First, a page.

2. Defendant contends that jurisdiction is lacking because there was no formal award by the arbitrator.
Most of the cases have dealt with the problem of how far § 301(a) is to be construed beyond its literal language. The present case, however, falls within the express language of 301(a), which establishes federal jurisdiction in 'suits for violation of contracts between an employer and a labor organization.' The settlement by the union and employer was a contract between them and in entering into it the union acted as the collective bargaining agent of the employees. Such a settlement, moreover, is included in the policy which underlies the Labor-Management Relations Act. Section § 173(d) (29 U.S.C. 173(d)) provides: 'Final adjustment by a method agreed upon by the parties is declared to be the desirable method for settlement of grievance disputes arising under the application or interpretation of an existing collective-bargaining agreement.' 'That policy', the Supreme Court said in United Steelworkers of America v. American Mfg. Co., 363 U.S. 564, 566, 80 S. Ct. 1343, 1346 (1960), 'can be effectuated only if the means chosen by the parties for settlement of their differences under a collective bargaining agreement is given full play.'
Here the grievance machinery had been set in motion under the collective bargaining agreement and a hearing had begun when, at the suggestion of the arbitrator, settlement discussion was begun and successfully concluded. The important policy considerations which favor the early settlement of labor disputes without outside interference would be frustrated if settlement agreements reached in the grievance process were refused enforcement unless incorporated in a formal arbitrator's award. For if a final and binding settlement such as the one the union achieved here with the employer were not enforceable in the federal courts the incentive would be gone for early settlement after the grievance procedure had been set in motion. The union would be required to carry its controversy to the ultimate end of the grievance process or lose the right to enforcement in the federal courts.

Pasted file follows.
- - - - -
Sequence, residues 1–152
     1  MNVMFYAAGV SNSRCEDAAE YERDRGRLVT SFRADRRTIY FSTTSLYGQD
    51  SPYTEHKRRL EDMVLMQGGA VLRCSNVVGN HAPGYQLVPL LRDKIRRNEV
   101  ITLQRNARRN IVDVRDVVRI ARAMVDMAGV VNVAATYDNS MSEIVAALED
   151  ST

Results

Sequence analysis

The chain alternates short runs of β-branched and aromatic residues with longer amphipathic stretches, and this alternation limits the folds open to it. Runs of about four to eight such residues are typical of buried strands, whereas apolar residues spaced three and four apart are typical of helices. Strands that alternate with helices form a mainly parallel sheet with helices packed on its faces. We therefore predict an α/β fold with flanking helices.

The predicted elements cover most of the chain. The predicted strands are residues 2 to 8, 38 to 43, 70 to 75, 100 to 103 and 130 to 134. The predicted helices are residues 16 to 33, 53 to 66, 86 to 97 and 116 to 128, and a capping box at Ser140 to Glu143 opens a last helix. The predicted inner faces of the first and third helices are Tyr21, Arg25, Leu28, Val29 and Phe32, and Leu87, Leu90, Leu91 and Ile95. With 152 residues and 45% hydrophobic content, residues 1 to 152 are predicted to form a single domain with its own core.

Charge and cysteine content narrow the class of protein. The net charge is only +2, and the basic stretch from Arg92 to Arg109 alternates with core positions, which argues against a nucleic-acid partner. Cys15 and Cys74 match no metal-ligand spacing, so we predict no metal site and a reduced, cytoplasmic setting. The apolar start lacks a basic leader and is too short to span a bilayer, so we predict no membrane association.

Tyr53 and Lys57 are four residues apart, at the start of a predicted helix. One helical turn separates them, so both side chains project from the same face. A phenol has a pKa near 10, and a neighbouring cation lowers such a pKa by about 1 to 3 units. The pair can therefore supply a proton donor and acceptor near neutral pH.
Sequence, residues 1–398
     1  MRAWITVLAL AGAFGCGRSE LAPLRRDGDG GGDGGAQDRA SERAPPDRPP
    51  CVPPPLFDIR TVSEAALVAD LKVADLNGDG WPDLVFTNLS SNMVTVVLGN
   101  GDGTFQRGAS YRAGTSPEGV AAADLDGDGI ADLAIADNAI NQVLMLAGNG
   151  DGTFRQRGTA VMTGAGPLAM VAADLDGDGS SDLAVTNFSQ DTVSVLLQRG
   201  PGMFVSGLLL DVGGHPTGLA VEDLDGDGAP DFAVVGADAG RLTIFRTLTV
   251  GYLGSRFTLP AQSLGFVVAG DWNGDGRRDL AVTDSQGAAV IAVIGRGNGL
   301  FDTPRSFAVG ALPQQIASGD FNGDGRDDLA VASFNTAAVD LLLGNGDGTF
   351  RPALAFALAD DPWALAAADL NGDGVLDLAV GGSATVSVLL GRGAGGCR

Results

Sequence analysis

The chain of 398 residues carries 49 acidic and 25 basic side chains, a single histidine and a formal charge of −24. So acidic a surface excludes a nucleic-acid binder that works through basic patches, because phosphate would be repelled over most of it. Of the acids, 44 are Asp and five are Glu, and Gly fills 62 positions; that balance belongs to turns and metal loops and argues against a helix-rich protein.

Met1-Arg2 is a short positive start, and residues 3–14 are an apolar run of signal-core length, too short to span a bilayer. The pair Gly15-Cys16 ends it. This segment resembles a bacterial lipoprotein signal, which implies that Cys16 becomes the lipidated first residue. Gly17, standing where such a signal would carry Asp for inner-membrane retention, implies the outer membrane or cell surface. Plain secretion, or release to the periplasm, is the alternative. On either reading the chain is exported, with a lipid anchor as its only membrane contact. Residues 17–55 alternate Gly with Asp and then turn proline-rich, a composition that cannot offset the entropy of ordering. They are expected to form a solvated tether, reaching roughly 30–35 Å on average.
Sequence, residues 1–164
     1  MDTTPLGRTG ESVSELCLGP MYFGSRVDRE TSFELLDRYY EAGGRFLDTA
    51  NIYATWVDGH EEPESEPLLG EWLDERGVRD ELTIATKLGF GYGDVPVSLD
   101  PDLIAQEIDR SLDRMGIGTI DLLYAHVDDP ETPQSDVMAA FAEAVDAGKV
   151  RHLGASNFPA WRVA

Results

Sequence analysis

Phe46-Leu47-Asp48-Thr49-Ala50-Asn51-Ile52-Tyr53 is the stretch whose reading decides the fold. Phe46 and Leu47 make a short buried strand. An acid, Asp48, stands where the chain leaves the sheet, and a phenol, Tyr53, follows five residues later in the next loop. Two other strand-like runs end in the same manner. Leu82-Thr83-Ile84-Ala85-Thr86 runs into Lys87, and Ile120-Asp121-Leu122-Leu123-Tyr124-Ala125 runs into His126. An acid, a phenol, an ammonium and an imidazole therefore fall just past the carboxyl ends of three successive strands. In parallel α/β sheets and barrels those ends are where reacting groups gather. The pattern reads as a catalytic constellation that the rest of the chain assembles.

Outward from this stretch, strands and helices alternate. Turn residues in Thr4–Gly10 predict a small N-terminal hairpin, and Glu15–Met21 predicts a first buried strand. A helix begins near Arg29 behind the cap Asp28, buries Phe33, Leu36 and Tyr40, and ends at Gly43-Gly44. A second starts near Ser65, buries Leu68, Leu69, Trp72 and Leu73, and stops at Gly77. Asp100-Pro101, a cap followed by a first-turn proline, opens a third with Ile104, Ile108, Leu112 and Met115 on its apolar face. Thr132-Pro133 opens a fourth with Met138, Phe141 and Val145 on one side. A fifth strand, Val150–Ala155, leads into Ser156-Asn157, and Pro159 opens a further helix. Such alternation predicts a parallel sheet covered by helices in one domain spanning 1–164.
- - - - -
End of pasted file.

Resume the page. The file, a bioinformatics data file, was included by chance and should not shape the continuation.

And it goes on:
3. Defendant urges that the union had no standing to represent Althouse when the complaint was filed, because the collective bargaining agreement had expired, the plaintiff had ceased to be the exclusive bargaining representative for the employees, and Althouse was no longer a member of the union.
This contention is without merit. When the settlement was made the collective bargaining agreement between the parties was in force and Althouse was a member of the union. In United Steelworkers of America v. Enterprise Wheel & Car Corp., 363 U.S. 593, 80 S. Ct. 1358 (1960), the Court reversed a ruling that rights created and arising under collective bargaining agreements remain in force only for the life of the contract and held that an arbitrator's order reinstating workers and awarding back pay was enforceable even though the award was made after the expiration of the contract. Similarly in Textile Workers Union of America v. Lincoln Mills, 353 U.S. 448, 77 S. Ct. 912 (1957), the Court enforced a contractual obligation to arbitrate past grievances even though there was no longer any real collective bargaining relationship between the union and the employer.
In this case the grievance and the settlement agreement which fixed the obligations of the parties occurred while the collective bargaining agreement was in force. It is, therefore, a clearer case of federal jurisdiction than Enterprise Wheel or Lincoln Mills. A contrary rule would encourage an employer who had made a settlement agreement with a union or suffered an adverse arbitrator's award to withhold performance in the hope that a forthcoming election might result in the decertification of the union. Obviously, such a result would frustrate the federal labor policy favoring prompt settlement by the parties ...